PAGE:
Lebohang Ramalepe is taking her leadership role for Banyana Banyana very seriously ahead of the World Cup. Photo:  Sydney Mahlangu/BackpagePix
Lebohang Ramalepe is taking her leadership role for Banyana Banyana very seriously ahead of the World Cup. Photo: Sydney Mahlangu/BackpagePix

Ramalepe looking to lead from the front for Banyana

By Mihlali Baleka Time of article published May 26, 2019

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Following her impressive exploits for Banyana Banyana, Lebohang Ramalepe admits that her appointment as second vice-captain of the senior national team swept her off her feet.

Ramalepe was an integral figure for the South Africans in the Africa Women’s Cup of Nations campaign, which sealed their spot in their maiden Fifa Women’s World Cup in France next month.

In the Awcon, Ramalepe aced her wing-back role to the tee, to such an extent that she even scored a cracker of a goal in their 2-0 win over Mali in the semi-finals.

In her new leadership role, Ramalepe will play third fiddle to skipper Janine van Wyk and Refiloe Jane.

“It came as a shock as I wasn’t expecting it,” Ramalepe conceded during Banyana’s send-off at Sasol headquarters this past week.

“Sometimes, when an older person wants to talk to you, you probably think that you messed up. But that day, the coach sat me down and said my hard work has been consistent and they feel it’s time they appointed me as the vice-captain. I was like, ‘Oh, my God, I can’t believe it!’ But now that it’s happening, it’s a motivation to work harder.”

However, in her ascension up the corporate ladder Ramalepe has experienced a good deal of hardship.

Prior to her pioneering years as a top footballer, she had played the game at grass-roots level with boys in rural Ga-Kgapane in Limpopo. However, those difficulties ran deeper than that as her mom initially battled to understand why her daughter would want to become a footballer.

But once her mother finally understood the concept, she became Ramalepe’s pillar of strength on and off the field of play.

“My mom, I don’t know what to say about her because she’s been my pillar of strength,” she enthused.

“Every time I think of her, I become emotional. The struggle we’ve been through together means a lot to me.”

However, not only was Ramalepe’s success celebrated in Ga-Kgapane, but it became a provincial event when journalist Lethabo Kganyago organised a send-off for Ramalepe, Noko Matlou and Rhoda Mulaudzi this month.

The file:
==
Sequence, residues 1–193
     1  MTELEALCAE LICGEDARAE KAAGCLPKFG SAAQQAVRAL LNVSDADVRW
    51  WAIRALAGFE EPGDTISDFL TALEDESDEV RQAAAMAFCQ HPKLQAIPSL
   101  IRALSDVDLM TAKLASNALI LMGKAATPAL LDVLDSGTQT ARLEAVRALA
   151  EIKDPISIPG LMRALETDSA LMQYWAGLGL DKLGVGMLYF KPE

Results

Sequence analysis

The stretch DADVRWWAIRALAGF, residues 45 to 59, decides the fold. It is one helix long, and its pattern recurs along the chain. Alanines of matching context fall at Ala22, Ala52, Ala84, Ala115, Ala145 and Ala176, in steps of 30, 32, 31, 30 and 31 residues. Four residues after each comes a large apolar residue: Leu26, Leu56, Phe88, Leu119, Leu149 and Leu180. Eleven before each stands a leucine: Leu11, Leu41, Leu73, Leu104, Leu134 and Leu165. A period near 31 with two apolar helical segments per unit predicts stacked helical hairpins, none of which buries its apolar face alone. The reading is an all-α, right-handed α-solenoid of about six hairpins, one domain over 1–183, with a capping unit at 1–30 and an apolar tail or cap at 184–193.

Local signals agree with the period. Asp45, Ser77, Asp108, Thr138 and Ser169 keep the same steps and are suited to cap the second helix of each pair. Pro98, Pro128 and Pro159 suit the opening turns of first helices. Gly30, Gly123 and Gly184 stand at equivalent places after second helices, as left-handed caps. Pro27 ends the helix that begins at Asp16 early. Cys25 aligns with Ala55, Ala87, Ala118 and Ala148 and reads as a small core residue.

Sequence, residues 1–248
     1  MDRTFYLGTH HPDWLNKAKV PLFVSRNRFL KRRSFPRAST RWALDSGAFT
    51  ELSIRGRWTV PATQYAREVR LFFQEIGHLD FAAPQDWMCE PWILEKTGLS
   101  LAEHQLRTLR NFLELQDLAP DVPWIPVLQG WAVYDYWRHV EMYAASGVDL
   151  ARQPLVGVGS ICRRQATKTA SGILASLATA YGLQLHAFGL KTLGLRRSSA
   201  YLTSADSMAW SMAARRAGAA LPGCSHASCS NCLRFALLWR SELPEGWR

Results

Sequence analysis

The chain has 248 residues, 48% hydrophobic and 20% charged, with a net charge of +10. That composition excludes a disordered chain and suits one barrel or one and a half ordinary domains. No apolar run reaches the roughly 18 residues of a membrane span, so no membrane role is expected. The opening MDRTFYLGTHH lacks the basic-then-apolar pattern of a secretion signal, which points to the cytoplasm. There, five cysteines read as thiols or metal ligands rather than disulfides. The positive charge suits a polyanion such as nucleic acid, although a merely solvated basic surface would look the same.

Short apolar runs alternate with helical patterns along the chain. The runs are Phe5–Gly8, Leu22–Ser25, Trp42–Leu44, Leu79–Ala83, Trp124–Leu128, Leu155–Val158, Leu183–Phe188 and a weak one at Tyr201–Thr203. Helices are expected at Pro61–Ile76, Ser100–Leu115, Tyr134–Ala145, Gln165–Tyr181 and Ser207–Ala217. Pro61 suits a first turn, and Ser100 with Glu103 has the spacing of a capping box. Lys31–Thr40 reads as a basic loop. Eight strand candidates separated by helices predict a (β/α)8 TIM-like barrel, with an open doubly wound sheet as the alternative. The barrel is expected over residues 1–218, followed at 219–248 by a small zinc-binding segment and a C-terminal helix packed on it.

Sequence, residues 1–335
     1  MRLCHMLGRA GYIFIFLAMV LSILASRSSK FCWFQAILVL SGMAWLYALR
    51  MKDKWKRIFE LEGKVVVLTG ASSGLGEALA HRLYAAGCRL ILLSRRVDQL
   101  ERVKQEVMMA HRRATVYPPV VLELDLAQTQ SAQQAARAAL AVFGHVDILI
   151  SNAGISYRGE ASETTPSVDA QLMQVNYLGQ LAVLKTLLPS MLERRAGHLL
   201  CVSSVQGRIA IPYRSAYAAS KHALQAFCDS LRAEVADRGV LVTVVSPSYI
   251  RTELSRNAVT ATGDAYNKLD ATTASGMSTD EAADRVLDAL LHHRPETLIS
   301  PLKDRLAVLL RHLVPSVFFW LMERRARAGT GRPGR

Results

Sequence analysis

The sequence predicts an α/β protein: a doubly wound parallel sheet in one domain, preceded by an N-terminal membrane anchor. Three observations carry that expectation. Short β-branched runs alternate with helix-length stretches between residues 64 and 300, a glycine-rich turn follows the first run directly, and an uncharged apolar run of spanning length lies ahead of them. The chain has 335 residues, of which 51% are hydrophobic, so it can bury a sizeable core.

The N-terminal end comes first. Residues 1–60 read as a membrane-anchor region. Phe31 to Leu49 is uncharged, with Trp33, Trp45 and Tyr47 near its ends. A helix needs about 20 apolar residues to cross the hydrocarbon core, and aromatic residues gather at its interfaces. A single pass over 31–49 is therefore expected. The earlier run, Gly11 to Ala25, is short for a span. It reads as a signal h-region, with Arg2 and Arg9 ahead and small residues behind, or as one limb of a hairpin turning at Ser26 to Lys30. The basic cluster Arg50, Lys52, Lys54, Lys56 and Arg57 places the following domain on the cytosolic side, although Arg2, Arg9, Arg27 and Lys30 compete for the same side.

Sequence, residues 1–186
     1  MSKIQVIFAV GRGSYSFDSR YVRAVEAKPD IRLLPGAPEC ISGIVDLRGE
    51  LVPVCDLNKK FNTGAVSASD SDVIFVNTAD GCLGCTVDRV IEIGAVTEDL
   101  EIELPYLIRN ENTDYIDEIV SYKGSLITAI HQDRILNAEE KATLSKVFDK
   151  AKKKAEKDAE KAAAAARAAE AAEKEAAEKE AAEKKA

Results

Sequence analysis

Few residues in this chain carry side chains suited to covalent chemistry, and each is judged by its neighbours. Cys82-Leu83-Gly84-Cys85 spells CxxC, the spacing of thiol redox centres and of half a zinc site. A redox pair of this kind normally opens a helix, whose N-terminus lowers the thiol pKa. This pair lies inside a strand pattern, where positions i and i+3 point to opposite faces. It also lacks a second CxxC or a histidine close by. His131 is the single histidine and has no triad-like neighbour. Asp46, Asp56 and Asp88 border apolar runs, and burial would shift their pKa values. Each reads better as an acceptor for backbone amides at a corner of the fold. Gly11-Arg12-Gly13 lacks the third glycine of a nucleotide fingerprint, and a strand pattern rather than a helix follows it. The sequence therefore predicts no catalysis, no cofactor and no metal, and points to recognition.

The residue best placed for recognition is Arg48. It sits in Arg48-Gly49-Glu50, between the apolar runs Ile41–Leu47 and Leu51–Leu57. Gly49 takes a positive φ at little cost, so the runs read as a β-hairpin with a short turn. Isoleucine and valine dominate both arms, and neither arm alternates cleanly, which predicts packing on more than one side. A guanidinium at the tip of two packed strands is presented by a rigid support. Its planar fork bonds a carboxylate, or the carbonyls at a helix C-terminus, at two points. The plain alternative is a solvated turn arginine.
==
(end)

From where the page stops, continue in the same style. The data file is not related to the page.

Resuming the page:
“It was overwhelming,” Ramalepe gushed. “Lethabo and her crew did a brilliant job by saying, ‘Guys we love you, go out there and do us proud’. They are the media people that always follow us.”

However, in the bigger scheme of things Ramalepe, who’s currently playing for MaIndies in the Sasol League, is banking on the global showpiece being the platform that will unearth for her an international career -like othando Vilakazi, Jermaine Seoposenwe, Leandra Smeda, Thembi Kgatlana, Muladzi, Jane and Ode Fulutudilu who are all currently plying their trade abroad.

However, all this is easier said than done, especially as the South Africans have endured a barren run in eight matches this year, drawing three games while losing five.

But Ramalepe remains optimistic and is adamant that Banyana Banyana will pull off the improbable at the global showpiece.

“Sometimes it’s hard to believe that the dream is finally happening. There are so many players that came before us that wanted to be there. But it us who will be there, so we have to do it for them. We’ll take each game as it comes."

The South Africans, ranked 49th in the world, are in a tough Group B with Germany, China and Spain - who they’ll meet in the opening round on June 8 - and who are ranked second, 16th and 13th respectively.


Sunday Independent

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